NEW YORK (Reuters) - Midstream company Zenith Energy US Logistics Holdings has pulled a US$450m leveraged loan from syndication as investors were reluctant to jump into a credit exposed to unresolved contingencies from an arbitration case and an expiring contract that could adversely impact cash flow, according to three sources familiar with the matter.
Barclays, Credit Suisse and HSBC are providing committed financing for the deal, which marks the borrower’s debut in the leveraged loan market and includes a US$410m seven-year first-lien loan with a US$40m delayed-draw tranche, accompanied by a US$50m five-year revolving credit facility.
Commitments were sought on December 15, after a December 6 launch.
Proceeds, along with US$364m of equity from private equity owner Warburg Pincus, are earmarked to fund Zenith’s acquisition of publicly traded energy logistics assets operator Arc Logistics Partners and refinance its debt. The funds are also slated to purchase minority interests in Gulf LNG Holdings, a liquid natural gas regasification and storage terminal in Mississippi, and a crude-by-rail terminal and pipeline in Joliet, Illinois connected to US oil and gas company ExxonMobil’s Joliet refinery, from Lightfoot Capital.
The delayed-draw loan will ultimately be used to buy out the lease on the company’s Portland crude oil terminal in 2018.
Zenith’s debt-to-Ebitda, or earnings before interest, taxes, depreciation and amortization, at closing will be 5.5 times, based on US$410m of funded debt and US$74m of pro forma estimated 2017, according to two additional sources familiar with the matter.
“The company has a lot of leverage and it’s a complex story with a lot of moving pieces, which makes it difficult to do due diligence,” an investor said.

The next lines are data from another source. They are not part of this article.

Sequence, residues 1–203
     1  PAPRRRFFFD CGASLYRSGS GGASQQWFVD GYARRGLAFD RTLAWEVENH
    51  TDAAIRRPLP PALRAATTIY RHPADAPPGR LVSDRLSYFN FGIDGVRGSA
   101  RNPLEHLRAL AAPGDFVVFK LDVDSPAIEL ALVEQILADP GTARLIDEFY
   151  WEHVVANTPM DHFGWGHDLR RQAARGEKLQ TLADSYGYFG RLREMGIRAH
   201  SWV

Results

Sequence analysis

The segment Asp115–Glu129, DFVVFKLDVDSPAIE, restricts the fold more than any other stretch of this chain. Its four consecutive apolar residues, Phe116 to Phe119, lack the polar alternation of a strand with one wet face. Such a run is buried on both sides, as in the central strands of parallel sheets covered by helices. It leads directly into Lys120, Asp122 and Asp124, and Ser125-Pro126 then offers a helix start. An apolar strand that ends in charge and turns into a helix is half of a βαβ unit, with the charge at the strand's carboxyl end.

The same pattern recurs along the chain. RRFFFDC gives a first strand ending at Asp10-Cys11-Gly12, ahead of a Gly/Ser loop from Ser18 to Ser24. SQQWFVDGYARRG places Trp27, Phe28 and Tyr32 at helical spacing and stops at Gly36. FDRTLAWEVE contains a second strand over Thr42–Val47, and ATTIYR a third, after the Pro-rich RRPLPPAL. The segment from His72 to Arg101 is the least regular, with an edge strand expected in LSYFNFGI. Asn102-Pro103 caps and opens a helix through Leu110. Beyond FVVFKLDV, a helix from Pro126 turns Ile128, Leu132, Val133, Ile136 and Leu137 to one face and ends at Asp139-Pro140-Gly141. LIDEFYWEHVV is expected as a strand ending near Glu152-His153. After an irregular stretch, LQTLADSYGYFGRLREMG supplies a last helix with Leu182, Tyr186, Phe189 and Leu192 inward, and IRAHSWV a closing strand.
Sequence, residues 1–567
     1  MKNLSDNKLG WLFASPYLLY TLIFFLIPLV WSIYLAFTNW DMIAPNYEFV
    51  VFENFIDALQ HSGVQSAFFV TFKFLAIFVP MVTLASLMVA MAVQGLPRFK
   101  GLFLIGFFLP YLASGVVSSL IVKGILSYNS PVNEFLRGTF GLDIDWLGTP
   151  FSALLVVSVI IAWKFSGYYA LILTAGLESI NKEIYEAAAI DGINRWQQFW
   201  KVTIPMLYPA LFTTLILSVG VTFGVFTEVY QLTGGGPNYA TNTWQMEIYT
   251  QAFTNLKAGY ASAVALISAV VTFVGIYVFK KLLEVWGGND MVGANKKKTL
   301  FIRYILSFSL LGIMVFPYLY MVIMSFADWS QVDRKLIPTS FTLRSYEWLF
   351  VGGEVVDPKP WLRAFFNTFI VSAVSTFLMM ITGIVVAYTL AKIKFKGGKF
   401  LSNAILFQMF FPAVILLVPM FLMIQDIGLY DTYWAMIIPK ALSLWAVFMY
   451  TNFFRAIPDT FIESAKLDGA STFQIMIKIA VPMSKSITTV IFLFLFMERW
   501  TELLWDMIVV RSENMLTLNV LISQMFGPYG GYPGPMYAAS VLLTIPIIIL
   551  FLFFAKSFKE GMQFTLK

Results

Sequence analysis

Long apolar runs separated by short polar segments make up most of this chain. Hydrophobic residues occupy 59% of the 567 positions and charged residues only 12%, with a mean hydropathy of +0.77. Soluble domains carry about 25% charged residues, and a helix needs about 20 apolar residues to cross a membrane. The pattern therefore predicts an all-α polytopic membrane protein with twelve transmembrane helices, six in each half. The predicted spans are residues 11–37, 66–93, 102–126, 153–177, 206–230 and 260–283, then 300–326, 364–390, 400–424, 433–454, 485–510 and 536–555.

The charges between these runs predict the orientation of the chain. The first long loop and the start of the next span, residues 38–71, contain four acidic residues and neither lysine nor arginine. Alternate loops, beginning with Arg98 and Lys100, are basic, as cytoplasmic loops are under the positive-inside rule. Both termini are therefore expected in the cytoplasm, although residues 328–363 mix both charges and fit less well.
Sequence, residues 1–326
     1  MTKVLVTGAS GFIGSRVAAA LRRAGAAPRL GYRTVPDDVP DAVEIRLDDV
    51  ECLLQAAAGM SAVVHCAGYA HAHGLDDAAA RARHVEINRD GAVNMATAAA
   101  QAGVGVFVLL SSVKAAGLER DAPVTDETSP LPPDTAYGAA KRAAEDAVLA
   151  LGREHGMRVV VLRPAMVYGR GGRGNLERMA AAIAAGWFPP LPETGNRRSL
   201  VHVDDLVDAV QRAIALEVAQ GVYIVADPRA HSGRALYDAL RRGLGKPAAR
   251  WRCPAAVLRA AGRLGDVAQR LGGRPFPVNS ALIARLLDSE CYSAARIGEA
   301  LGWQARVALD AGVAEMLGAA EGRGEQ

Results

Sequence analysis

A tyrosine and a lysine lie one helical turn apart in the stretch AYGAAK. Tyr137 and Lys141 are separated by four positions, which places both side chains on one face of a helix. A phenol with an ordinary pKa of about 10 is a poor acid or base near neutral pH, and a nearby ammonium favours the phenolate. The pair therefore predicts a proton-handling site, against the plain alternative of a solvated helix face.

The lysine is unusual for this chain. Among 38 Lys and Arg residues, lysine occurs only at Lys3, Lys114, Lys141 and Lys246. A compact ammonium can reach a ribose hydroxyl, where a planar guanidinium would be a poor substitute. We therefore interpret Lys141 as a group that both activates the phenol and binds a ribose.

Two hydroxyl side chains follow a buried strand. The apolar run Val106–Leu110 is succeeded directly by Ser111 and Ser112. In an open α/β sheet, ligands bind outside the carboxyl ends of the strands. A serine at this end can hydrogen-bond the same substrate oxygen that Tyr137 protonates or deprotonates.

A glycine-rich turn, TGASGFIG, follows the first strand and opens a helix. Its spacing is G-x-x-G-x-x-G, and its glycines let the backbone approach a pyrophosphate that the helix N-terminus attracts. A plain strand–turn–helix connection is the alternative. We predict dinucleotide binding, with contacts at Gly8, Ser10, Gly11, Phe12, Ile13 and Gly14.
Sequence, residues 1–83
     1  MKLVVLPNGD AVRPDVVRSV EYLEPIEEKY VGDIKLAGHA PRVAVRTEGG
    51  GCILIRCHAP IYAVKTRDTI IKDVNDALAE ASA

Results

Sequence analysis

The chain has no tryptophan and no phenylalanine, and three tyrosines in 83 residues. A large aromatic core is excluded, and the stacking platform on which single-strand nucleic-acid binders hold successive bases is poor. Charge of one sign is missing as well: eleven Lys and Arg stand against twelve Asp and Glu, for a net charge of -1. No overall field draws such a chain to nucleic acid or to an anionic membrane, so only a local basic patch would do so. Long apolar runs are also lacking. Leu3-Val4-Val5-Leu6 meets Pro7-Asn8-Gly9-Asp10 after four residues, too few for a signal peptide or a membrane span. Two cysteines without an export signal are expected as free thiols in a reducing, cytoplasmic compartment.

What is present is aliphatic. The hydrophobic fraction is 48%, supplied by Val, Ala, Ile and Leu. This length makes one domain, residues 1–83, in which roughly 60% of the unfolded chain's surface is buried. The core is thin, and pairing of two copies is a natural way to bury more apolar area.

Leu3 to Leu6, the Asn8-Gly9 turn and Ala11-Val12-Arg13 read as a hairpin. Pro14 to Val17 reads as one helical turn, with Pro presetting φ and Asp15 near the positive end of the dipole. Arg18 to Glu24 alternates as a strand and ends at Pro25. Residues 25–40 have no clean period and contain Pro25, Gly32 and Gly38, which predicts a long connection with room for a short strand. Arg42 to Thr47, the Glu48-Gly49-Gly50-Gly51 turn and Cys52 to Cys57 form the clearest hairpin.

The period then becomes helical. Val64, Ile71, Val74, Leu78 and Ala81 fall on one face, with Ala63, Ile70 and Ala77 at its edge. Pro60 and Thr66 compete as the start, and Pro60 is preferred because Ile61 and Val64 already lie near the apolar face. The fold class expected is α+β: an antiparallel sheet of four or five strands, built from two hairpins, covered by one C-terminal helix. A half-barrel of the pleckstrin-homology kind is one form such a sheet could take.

The arrangers will be on the hook to fund the debt if it is not removed from their balance sheets by the time of the deal’s closing, which is expected by December 21, according to an October 30 Arc Logistics filing with the Securities and Exchange Commission. The merger was approved by Arc Logistics shareholders on December 18, according to a company press release.
Barclays plans to relaunch the deal in the New Year, one of the sources said.
Barclays declined to comment. The company and Warburg Pincus did not respond to inquiries.
Gulf LNG is currently in arbitration with Italian oil and gas company Eni’s US subsidiary, Eni USA. Eni USA is seeking to unwind its contract with the facility, as it is currently idle given unattractive economics of importing liquid natural gas. While the arbitration hearing was held in January 2017, the ruling has been extended to the end of February 2018. Gulf LNG will represent roughly 25% of projected 2017 Ebitda, the two additional sources said.
Given the unpredictability of the arbitration, Warburg Pincus plans to inject up to US$100m of additional equity to limit an increase in leverage, and drop in cash flow, that could result from a negative ruling.
Zenith also faces the expiration of its Joliet contract with Exxon in May 2018. While the company expects the contract to be renewed, any unfavorable revisions could present a burden since the majority of the terminal’s revenue comes from the contract and the terminal accounts for about 25% of Zenith’s Ebitda, according to a December 5 Standard & Poor’s report.
The term loan was guided in the 525bp-550bp over Libor range, with a 25bp stepdown upon successful completion of the Gulf LNG litigation, subject to a 1% floor. Investors were offered the loan at a 99 discount with six months of soft call protection at 101.
Moody’s and Standard & Poor’s rate the company and the loan B2/B+.
Reporting by Andrew Berlin; Editing By Jon Methven